The fifth dimension I call context. What I mean here is sensitivity to context. Some people modulate their emotional responses in context-appropriate ways, so that how they, for example, talk to their spouse would be very different than how they talk to their boss. Other people make less of a distinction among contexts.
The last emotional style is attention, which is not typically thought of as an emotional constituent. But attention and emotion are so intimately linked. Emotional stimuli are stimuli toward which we are naturally pulled. Someone who’s scattered is pulled by emotional stimuli in the environment, and someone who’s more focused is able to resist those attractions and focus his or her attention voluntarily.
In the book I describe the underlying brain circuits that support these styles and I also highlight some key experiments that led to the formulation of each of them.
Can you give an example?
Sure. Take resilience — all of us will at one point or another in our life be subjected to adversity. And resilience is very important in influencing vulnerability to psychopathology, particularly mood and anxiety disorders.
Being able to recover quickly is an essential element in resilience. The experiments that led us to the conceptualization of this style were experiments that started early in my career. They began with studies in which we confirmed that people differ in the extent to which the left versus the right hemisphere is differentially more activated at baseline, and those differences are relatively stable over time. It turned out that people with greater left-side activation recovered more quickly from negative affective stimuli in the laboratory. We were able to probe the rapidity of recovery using physiological measures to track on a moment-by-moment basis the pattern of activation in response, for example, to a negative picture. And then we could track after the picture went off how long it took a person to recover. And it turns out that people with more left-side activation at baseline recover more quickly.
We’ve gone on and done neuroimaging studies, and have found that the prefrontal cortex exhibits strong connectivity with the amygdala. So what likely is happening is that increased levels of prefrontal activation are modulating the activity in the amygdala and facilitating turning off the amygdala once it’s turned on.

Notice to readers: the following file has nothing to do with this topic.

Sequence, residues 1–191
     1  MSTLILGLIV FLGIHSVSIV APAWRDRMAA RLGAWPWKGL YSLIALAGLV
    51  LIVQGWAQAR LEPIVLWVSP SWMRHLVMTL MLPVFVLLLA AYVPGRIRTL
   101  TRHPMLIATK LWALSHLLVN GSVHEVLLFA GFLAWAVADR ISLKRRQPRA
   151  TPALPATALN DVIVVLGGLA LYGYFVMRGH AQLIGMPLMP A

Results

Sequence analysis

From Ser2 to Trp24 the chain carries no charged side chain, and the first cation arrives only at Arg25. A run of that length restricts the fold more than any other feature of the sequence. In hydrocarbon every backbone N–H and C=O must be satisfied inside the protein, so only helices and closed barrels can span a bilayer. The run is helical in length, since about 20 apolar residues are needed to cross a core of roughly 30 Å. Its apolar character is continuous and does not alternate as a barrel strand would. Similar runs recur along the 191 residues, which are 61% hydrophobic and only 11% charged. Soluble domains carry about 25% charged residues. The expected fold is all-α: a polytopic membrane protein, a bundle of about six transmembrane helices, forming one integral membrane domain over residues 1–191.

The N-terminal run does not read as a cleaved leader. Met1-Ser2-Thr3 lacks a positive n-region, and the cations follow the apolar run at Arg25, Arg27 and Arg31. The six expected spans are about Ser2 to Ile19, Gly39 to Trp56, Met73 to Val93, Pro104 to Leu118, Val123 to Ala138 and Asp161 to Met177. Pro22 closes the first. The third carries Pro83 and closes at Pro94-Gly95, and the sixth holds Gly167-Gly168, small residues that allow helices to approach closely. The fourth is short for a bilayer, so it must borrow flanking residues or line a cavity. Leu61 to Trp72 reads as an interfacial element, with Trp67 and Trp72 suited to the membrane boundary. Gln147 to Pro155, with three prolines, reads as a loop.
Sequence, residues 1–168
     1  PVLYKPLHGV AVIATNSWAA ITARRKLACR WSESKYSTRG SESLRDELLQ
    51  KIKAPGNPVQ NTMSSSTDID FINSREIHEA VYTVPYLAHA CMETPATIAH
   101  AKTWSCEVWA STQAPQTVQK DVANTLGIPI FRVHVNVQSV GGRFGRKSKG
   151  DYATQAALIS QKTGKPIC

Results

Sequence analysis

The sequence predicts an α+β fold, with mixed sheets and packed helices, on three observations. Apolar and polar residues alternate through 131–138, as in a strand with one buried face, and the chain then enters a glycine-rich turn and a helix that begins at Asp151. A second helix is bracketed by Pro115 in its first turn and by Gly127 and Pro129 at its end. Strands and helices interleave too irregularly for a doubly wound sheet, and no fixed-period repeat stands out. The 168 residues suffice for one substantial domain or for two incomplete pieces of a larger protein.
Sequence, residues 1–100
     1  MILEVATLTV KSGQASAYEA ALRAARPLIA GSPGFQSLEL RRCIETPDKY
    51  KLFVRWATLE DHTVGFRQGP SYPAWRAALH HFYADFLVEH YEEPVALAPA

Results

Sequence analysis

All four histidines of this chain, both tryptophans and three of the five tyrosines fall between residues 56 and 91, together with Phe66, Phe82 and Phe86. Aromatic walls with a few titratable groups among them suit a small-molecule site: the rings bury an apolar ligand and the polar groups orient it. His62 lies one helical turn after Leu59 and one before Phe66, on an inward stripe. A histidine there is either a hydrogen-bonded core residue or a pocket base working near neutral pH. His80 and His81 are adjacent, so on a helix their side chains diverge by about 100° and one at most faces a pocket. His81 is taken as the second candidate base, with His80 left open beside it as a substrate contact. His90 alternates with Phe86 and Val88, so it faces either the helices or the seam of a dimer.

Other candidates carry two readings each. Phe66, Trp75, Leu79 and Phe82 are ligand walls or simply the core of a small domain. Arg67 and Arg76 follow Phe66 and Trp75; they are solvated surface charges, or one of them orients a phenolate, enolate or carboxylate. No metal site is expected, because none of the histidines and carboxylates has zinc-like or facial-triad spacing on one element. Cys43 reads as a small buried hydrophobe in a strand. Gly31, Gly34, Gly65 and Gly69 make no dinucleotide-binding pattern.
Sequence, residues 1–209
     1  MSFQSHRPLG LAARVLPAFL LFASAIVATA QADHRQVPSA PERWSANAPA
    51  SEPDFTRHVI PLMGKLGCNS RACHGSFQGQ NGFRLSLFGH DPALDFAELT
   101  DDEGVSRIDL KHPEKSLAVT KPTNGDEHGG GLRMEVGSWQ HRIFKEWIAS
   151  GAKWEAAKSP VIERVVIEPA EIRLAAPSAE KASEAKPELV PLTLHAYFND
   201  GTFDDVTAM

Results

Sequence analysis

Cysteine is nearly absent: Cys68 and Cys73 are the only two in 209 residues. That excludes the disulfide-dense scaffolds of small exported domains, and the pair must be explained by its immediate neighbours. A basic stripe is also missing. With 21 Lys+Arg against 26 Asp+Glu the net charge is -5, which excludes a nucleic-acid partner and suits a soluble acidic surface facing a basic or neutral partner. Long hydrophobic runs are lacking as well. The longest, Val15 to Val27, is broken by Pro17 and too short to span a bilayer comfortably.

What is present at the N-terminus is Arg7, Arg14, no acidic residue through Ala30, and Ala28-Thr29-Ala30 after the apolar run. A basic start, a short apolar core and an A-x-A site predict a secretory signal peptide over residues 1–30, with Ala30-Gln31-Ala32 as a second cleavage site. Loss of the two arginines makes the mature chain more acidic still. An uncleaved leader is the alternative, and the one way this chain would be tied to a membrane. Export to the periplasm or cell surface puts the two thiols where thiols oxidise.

Do you think that you’ve identified all the emotional styles, or might you find others?
I don’t regard these six as the final statement on this by any means. It’s really important to underscore that this is a best guess, based on the research we have. But one of the wonderful things about science is that it’s never static and our models are always changing. I’m confident that 10 years from now we’ll think about this differently, at least to some extent.
Let me just add one other point here, and that is that there’s no one pattern among these styles that is best. It really will vary for each person based on her or his unique environment. Some people, for example, who may be very low on the social intuition style and may not be very good at decoding nonverbal signals of emotion, are the kind of people who interact a lot with machines. They may be a computer programmer, they may have a very successful and happy life, and in fact they prefer to spend not very much time around others. And that’s great, and we need people like that in our society.
But it seems like there are some styles that will make your life harder — if your resilience is very low and it’s tough for you to recover from adversity, for example, that seems like a difficult way to live. So how do people know when their emotional style is the right one for them, and when it’s something that they need to change?
That’s a very good question, and not an easy one to answer simply. I think that in the extreme, a person will know. So if people are unable to cope with the expectations and demands of everyday life, then they will likely know that whatever emotional style they’re expressing is not optimal.